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UCLA is bitten by Florida again, 73-65

Attempted steal by Malcolm Lee backfires and turns into the key play in the Gators' third-round NCAA victory.

March 19, 2011|By Ben Bolch
  • UCLA center Anthony Stover and forward Reeves Nelson (22) double-team Florida forward Erick Murphy during their NCAA tournament third-round game on Saturday afternoon in Tampa, Fla.
UCLA center Anthony Stover and forward Reeves Nelson (22) double-team… (Wally Skalij / Los Angeles…)

Reporting from Tampa, Fla.

The ball, and the game, was his for the taking.

Malcolm Lee watched the inbounds pass from Florida's Scottie Wilbekin sail into the air with UCLA trailing its postseason nemesis by one point and 1 minute 17 seconds left.

Lee judged the flight of the ball, the Bruins guard figuring it might fall short of intended target Erving Walker but wanting to avoid a collision with his Gators counterpart.

"I didn't want to foul him going for it just to put him on the line," Lee said, "so I kind of played it soft, which I think kind of ended up biting me in the butt because I hesitated a little bit to go for it. It was just a bad decision."

Bill Plaschke: Bruins let victory slip from hands, but they're learning fast

Lee went for the steal but missed, his momentum carrying him near midcourt. Walker collected the ball, dribbled ahead and, after checking to make sure Lee was still behind him, pulled up for the three-pointer that helped secure Florida's 73-65 victory in a NCAA tournament third-round game Saturday at the St. Pete Times Forum.

With one flick of Walker's wrist, the second-seeded Gators (28-7) had knocked the seventh-seeded Bruins (23-11) out of the postseason for the third time in six years, a dark final chapter in a bounce-back season.

Lee lingered in dismay near the free-throw line after the final buzzer, his hands planted on his hips. His late gamble was hardly the only culprit for UCLA in a taut, back-and-forth affair in which neither team led by more than four points until the final six minutes.

"We missed too many easy layups, too many open shots, too many free throws, [had] turnovers and bad decisions at the wrong time," said Bruins sophomore forward Tyler Honeycutt, who had 13 points but made only four of 14 shots. "You know, in a way we kind of gave them that game, even though they earned it."

UCLA missed four free throws in the final 9:16, including two by Lee on the front end of one-and-one opportunities. Junior guard Lazeric Jones was trapped along the sideline and lost the ball out of bounds with 3:07 left.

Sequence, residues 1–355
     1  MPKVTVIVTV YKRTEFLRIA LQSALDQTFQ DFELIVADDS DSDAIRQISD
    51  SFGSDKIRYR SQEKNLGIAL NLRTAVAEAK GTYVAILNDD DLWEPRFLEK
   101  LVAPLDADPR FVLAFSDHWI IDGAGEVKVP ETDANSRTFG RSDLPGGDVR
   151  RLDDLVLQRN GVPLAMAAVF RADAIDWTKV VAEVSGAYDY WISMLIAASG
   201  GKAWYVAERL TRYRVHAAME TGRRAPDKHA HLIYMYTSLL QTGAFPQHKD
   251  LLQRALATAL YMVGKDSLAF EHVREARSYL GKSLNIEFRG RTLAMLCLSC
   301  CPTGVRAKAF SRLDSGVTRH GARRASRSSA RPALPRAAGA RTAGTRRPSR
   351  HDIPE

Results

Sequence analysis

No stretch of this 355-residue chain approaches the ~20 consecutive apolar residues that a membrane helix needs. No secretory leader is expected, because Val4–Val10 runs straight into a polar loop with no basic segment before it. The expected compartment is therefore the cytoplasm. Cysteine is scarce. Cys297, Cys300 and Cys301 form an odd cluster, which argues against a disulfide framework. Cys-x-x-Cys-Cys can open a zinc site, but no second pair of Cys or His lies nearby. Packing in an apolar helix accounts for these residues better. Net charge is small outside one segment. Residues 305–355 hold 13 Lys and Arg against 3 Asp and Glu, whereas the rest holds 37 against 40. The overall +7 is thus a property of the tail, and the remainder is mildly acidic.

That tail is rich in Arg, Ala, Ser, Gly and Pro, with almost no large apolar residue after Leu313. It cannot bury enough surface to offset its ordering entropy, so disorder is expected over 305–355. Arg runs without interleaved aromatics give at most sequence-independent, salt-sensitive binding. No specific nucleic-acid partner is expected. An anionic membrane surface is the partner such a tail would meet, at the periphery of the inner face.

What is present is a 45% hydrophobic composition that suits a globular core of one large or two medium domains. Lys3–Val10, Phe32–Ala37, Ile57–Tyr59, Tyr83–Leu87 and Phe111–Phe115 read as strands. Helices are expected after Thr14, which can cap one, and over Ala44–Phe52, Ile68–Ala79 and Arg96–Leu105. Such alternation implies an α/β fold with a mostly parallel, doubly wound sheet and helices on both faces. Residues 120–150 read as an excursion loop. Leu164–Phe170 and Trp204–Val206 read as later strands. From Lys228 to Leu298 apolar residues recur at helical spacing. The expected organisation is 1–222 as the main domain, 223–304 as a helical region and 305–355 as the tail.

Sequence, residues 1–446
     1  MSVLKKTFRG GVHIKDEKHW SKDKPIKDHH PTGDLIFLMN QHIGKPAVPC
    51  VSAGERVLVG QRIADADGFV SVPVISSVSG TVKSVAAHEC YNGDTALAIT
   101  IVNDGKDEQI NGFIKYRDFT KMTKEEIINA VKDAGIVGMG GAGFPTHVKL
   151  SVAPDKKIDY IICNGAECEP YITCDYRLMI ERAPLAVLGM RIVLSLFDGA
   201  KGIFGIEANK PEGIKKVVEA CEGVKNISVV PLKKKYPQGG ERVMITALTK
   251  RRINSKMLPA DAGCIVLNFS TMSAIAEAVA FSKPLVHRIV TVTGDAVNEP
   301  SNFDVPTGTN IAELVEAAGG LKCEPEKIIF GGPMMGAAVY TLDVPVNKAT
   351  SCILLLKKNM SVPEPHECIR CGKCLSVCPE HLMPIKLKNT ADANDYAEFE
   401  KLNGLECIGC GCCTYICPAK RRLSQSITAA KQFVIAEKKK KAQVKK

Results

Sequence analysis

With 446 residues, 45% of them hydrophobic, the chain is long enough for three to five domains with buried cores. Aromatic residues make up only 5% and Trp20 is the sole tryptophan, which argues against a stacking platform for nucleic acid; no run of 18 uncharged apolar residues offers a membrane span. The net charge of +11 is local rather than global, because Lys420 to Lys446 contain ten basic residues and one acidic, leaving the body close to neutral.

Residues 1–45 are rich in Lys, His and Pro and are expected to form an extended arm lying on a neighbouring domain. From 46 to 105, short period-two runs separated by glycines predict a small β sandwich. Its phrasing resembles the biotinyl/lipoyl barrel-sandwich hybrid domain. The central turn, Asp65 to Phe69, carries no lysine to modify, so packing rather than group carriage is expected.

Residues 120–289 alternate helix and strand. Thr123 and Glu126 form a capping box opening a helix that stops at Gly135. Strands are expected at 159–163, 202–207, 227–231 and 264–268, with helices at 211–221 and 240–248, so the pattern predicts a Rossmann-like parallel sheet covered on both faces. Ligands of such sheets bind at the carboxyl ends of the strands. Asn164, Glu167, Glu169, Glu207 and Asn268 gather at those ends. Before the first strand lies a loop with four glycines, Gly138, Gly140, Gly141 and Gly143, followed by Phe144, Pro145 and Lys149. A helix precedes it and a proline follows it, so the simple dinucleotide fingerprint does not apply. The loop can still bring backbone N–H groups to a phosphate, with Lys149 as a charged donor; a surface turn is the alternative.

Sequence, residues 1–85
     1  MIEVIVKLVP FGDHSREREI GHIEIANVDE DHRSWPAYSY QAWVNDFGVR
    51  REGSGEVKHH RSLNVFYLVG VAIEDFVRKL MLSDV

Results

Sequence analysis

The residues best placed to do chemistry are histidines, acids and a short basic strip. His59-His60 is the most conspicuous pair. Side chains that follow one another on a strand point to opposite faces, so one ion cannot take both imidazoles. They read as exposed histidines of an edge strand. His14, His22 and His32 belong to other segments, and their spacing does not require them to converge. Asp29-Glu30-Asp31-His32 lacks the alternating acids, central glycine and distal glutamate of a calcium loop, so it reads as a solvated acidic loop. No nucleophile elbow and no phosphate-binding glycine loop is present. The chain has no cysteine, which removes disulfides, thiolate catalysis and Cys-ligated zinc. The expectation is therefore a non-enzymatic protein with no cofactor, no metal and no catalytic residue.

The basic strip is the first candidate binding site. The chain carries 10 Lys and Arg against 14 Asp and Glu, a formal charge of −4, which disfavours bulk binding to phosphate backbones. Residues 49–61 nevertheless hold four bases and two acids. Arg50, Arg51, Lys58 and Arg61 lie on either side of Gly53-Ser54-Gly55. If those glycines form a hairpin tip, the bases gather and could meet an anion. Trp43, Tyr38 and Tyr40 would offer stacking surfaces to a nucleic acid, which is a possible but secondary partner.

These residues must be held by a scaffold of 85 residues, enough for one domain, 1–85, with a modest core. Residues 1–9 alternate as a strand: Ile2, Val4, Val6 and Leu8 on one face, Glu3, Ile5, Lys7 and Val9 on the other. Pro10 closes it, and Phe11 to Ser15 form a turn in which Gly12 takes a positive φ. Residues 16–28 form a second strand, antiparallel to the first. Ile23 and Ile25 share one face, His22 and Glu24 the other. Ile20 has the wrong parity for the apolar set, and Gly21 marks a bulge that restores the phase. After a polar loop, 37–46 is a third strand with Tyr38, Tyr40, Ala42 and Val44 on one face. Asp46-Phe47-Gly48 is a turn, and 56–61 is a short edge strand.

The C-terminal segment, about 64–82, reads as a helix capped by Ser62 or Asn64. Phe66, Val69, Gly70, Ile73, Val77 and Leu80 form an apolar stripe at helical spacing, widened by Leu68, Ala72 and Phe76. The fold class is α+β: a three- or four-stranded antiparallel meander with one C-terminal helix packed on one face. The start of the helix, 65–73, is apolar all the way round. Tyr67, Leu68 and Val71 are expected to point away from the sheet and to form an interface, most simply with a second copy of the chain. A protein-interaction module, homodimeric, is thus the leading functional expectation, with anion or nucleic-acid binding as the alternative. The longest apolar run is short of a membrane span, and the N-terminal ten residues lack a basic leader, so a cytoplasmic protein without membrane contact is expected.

And, in another disconcerting development, the biggest man on the court had his shot swatted by a player 100 pounds lighter. With the score tied at 55-55, UCLA Coach Ben Howland designed a play for 305-pound freshman center Joshua Smith to dunk an alley-oop pass.

But Smith collected the lob and planted his feet on the floor before elevating toward the basket. That allowed Florida forward Chandler Parsons, who had been late rotating over, the extra time he needed to recover and block Smith's shot.

"That was a huge play," Howland said.

Kenny Boynton made a three-pointer on the Gators' ensuing possession, giving them the lead for good on the way to securing a spot in a regional semifinal against third-seeded Brigham Young.

Walker also stepped up by scoring 10 of his 21 points in the final 3:58, including a shot he somehow propelled into the basket while falling backward after bouncing off Smith.

UCLA kept the pace to its liking for most of the game, refusing to let the quick Gators speed a turnover-prone team into excessive unforced errors. The Bruins also continually worked the ball inside to Smith (16 points) and sophomore forward Reeves Nelson, who had 16 points, 11 rebounds and one bloody scratch on the left side of his face.

But Florida was the aggressor in the second half, securing eight offensive rebounds after being shut out in that category in the first 20 minutes. The Gators had a 35-33 lead at the half.

"They were getting loose balls, they were getting putbacks," said Smith, his voice slow, his eyes red. "I mean, it takes five of us to box out."

Without a senior on its roster, UCLA's starting five is expected to look roughly the same next season. The only player likely to depart is Honeycutt, who said he would decide whether to declare for the NBA draft in the coming weeks.

Smith committed to returning and Nelson intimated he was leaning toward coming back, with his little brother Raymond joining the UCLA football team. Asked about his future, Lee said he wasn't thinking about anything except the loss.

"It was just a few plays here and there," Lee said. "That dumb play on me trying to go for a steal out of bounds, I came up short and Walker hit a three. That was pretty much the play that separated us."

Would he go for the steal again?

"Yeah," he said. "I would just go for it, my first initial instinct, just go after it instead of hesitating."

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